I’ll echo the same feelings about Condos in SArl along the Pike. I’ll be ready to buy by this time next year and as of right now I’m almost completely priced out of Arlington. I was hoping the Halstead or Penrose or the other new building would convert back to condos but I have no idea if thats gonna happen. As of now, im looking in the Woodbridge area where I’d get an awful lot for my money but of course I’d LOVE to buy in ARL.

  • C.H. Smith

    There are two ways to expand the pool of qualified home buyers, and they both rely on expanding leverage: A) lower the down payment from 20% cash to 3%, and B) lower the mortgage rate to 3.5%.

    Lowering the down payment increases the leverage from 4-to-1 to 33-to-1, a massive leap.

    Increasing leverage increases risk. Over 90% of all mortgages are guaranteed or backed by Federal agencies such as FHA. This “socialization” of the mortgage industry means that losses ultimately flow through to the taxpayers, who are subsidizing the housing industry via these agencies.

    Lowering the mortgage rate increases the leverage of income. It now takes much less income to qualify for greatly reduced monthly payments.

    With mortgage rates barely above the prime rate and Treasury bond yields negative in terms of inflation, there is simply no room left for lower rates or down payments. The “increase home sales by expanding the pool of buyers” game plan has been run to the absolute limit.

    The pool of buyers cannot be expanded any further; that boost to sales is done.

    The unintended consequence of enticing marginal buyers to buy homes is that defaults are rising: 1 out of 6 FHA-insured loans are delinquent. This is the “blowback” of qualifying everyone with an income above the poverty line as a homebuyer.

    • Greg

      Rates are already below 3.5%. I got an email from PenFed that they’re offering 3.125% 30 year fixed.

    • Greg

      One more thing: the pool of buyers can (and will) be expanded by the increasing number of renters who decide to buy once they can afford a house and families moving from DC. There are a LOT of people in their mid-late 20s and early 30s who are looking to become 1st time condo/homebuyers in Arlington. As long as the local economy remains strong and interest rates remain low, there will be more buyers each year.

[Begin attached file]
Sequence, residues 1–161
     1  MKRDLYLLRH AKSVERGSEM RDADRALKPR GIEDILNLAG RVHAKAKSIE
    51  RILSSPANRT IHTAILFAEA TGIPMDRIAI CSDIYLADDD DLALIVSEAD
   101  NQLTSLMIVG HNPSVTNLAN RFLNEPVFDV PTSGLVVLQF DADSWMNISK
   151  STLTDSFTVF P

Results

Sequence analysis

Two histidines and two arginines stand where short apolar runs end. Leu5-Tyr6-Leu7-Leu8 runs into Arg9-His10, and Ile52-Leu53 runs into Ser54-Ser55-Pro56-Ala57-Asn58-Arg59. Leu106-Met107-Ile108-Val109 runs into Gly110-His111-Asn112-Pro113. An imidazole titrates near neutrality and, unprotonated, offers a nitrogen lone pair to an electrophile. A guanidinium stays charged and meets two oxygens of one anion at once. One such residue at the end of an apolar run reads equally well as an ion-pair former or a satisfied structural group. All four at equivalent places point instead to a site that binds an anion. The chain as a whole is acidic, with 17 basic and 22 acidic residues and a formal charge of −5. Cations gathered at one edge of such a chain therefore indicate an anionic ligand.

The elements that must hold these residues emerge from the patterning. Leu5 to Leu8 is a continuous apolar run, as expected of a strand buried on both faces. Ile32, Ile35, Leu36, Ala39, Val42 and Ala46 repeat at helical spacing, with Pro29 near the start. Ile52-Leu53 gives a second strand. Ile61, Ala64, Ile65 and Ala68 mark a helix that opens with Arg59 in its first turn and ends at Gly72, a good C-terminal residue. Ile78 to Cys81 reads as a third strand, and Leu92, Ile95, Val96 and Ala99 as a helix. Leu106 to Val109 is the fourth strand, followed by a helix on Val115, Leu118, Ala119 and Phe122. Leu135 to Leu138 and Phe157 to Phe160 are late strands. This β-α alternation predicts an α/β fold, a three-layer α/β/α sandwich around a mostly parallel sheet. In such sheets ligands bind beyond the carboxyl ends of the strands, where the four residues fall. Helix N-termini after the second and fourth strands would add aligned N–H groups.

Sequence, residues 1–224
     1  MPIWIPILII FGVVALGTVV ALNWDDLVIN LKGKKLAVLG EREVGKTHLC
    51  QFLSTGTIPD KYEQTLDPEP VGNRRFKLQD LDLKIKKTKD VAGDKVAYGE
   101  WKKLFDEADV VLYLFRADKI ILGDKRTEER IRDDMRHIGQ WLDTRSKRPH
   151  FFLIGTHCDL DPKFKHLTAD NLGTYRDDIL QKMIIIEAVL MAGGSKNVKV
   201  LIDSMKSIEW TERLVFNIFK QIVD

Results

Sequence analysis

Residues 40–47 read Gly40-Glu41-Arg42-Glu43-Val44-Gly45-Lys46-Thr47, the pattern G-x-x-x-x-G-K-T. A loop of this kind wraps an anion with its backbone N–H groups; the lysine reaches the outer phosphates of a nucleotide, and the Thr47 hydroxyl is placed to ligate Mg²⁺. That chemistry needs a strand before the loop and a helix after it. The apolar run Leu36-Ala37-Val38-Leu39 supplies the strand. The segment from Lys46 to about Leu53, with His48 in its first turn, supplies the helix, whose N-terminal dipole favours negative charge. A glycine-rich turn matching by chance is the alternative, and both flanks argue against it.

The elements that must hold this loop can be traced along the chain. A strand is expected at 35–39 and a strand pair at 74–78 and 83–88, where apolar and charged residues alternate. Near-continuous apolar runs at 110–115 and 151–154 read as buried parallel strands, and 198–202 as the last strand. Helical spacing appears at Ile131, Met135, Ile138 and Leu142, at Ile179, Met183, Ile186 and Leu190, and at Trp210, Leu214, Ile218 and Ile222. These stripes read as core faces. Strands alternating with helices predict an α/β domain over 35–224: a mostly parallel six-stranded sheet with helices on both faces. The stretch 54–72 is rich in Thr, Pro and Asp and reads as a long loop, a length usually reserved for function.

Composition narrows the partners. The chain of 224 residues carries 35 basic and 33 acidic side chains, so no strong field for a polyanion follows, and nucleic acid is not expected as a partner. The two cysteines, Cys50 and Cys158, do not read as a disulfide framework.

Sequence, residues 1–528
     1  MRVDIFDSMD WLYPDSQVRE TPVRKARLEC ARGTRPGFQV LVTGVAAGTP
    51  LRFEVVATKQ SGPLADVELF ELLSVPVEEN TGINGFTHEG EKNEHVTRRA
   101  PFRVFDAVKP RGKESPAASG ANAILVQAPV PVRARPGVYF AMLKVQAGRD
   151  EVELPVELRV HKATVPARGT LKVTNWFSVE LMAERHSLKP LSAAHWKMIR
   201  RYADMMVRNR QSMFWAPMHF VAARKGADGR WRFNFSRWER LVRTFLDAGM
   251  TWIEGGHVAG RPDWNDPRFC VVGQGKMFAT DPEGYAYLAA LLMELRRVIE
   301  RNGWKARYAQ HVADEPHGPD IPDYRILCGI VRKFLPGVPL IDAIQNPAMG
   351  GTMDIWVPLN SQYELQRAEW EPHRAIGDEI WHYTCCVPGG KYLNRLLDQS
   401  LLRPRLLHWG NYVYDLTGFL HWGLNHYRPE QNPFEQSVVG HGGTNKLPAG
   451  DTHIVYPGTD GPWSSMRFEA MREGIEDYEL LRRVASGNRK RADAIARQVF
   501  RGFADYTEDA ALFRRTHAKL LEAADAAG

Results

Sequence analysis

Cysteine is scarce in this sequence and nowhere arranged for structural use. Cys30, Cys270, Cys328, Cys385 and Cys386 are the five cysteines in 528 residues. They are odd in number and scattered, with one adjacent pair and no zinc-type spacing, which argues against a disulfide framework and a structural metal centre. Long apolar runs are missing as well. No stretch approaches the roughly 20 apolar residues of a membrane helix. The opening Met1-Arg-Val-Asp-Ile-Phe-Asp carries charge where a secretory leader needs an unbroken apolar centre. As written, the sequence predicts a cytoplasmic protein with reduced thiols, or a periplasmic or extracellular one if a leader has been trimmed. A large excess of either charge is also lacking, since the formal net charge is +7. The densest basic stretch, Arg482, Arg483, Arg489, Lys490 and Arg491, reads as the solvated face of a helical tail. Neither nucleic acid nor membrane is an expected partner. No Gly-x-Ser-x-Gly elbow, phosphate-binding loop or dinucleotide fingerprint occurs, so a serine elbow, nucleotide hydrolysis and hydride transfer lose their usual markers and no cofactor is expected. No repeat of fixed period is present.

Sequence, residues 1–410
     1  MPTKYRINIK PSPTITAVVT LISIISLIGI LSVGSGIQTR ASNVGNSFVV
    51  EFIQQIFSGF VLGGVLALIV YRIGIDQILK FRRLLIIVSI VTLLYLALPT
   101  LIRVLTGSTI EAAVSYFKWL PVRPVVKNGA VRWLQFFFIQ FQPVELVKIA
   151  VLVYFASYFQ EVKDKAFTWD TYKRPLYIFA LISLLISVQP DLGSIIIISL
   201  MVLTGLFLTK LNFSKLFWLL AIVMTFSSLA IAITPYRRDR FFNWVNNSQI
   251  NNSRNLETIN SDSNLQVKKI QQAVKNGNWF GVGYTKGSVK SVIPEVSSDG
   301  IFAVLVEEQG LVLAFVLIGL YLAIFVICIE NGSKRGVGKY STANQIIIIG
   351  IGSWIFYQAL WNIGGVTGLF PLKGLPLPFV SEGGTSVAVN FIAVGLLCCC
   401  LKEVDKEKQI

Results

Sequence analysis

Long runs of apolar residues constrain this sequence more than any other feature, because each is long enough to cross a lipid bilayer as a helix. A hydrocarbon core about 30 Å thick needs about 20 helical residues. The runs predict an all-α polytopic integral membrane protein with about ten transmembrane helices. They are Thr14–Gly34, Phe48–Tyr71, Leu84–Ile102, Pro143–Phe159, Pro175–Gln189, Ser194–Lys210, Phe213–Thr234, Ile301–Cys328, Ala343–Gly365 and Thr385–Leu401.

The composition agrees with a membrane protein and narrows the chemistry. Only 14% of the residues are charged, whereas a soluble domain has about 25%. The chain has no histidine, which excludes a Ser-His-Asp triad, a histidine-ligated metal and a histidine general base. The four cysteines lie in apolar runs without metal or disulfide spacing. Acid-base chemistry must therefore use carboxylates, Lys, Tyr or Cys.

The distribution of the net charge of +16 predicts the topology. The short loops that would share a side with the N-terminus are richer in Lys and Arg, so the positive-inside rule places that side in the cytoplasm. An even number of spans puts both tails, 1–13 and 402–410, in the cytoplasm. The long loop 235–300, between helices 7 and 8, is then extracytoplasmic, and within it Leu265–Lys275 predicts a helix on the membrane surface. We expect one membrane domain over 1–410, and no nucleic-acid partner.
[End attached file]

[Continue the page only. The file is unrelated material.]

• bman

      we already had no down payments, look where that got us. Once down payment goes up again, the music stops playing and people are trapped again.
      Same problem when interest rates will go up.

    • Lee-n-Glebe

      Of course, increasing the pool of qualified home buyers drives up home prices.

  • Autoexec.bat

    TLDR; No.

  • 30Something_Barren_Workaholic

    Ah yes, the ole “Housing is a great investment line.” Isn’t that what got us in this problem in the first place. If I can only hold out a few years, then Scrooge McDuck will be rich!

    • R. Griffon

      No, what got us here was primarily the deregulation of financial markets and questionable lending practices, augmented by fairly steady economic expansion coupled with record low interest rates.

  • Wild Bill

    again is Adam paying Arlnow for this bs ?

    • Tame Will

      Do you know what the word “sponsored” means?

  • Wild Bill

    I do have an MBA and 40 years of owning my business but sponsored does not necessarily
    mean he is paying for it – correct?

    • Wordsmith

      sponsored past participle, past tense of spon·sor (Verb)

      Provide funds for (a project or activity or the person carrying it out).
      Pay some or all of the costs involved in staging (a sporting or artistic event) in return for advertising.

    • Greg

      In case you were wondering why people don’t put as much credence in an MBA as you do…

  • Govleach

    Renting versus buying should utlimately be thought of as a Net Present Value problem in finance, and buying residential real estate should not be toughted as the greatest investment as it historically has. If you’re going to be hear 2-3 years, then renting better. If you’re going to be here a long time, then buy the nicest thing you can afford and consider primarily it to be: (1) consumption good; and (2) maybe a financial investment. And only do so only after you’re maxing out your 401(k), TSP, or other such vehicle.